The long and largely unmonitored border between Guatemala and Mexico has some security experts concerned about the possibility of terrorist infiltration into the United States.
The Syrian town of Kobane, also known as Ain-al-Arab, has been the site of fierce fighting between Syrian Kurds and Islamic State (ISIS) for over three weeks. Some have even come to see it as a crucible for President Obama’s military strategy, arguing that if ISIS can still make territorial gains despite US air strikes, the chances for total victory over Islamic State are pretty bleak.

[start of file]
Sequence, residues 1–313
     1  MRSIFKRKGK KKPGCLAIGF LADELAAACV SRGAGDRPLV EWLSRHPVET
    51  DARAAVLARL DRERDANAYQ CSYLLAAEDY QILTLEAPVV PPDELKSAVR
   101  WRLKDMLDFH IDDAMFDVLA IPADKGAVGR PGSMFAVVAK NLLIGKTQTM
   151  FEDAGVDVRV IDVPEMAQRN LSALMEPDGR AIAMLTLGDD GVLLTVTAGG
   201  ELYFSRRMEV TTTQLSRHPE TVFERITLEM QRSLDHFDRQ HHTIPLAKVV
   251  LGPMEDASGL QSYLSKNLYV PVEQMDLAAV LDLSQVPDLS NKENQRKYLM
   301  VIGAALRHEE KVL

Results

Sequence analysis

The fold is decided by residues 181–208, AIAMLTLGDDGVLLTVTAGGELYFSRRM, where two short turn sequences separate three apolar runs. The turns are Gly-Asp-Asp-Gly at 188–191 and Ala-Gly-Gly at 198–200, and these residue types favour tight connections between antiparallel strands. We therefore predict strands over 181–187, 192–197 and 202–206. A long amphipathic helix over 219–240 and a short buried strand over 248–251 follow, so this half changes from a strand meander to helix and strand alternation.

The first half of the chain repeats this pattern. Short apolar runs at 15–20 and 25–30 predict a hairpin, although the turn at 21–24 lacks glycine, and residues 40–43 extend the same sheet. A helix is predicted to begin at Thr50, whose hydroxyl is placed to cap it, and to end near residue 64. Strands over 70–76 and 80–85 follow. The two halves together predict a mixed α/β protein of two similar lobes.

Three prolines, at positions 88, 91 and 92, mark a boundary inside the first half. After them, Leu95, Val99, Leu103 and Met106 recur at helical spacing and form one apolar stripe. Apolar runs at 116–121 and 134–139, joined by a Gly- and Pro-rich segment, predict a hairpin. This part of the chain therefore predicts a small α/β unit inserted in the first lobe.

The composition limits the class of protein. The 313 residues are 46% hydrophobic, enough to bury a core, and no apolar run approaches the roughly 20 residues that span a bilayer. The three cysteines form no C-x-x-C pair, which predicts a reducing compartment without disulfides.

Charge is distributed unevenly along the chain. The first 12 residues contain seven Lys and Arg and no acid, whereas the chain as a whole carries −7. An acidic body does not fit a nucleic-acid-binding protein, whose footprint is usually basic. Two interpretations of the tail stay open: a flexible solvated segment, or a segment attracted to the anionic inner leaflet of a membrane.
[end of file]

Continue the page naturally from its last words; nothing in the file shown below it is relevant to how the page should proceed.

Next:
While it’s expected that it will be the Kurds who separate from Iraq, the real beneficiaries from a break-up of the country would be the Shia. They’re the ones who control 80 percent of the country’s oil wealth, and they would prefer not to share it with hostile neighbors.
Threat Assessment: The Khorasan Terror Cell More Dangerous Than Islamic State?
Benjamin Syme Van Ameringen
Unlike Islamic State, this new terror cell - known as ‘Khorasan’ - is far more interested in attacking targets in Europe and North America than they are in creating an Islamic Caliphate or toppling the Assad Regime.
Much has been made of the potentially destabilizing effects of foreign fighters returning from Iraq and Syria to their home countries in Central Asia. But how real is the actual threat?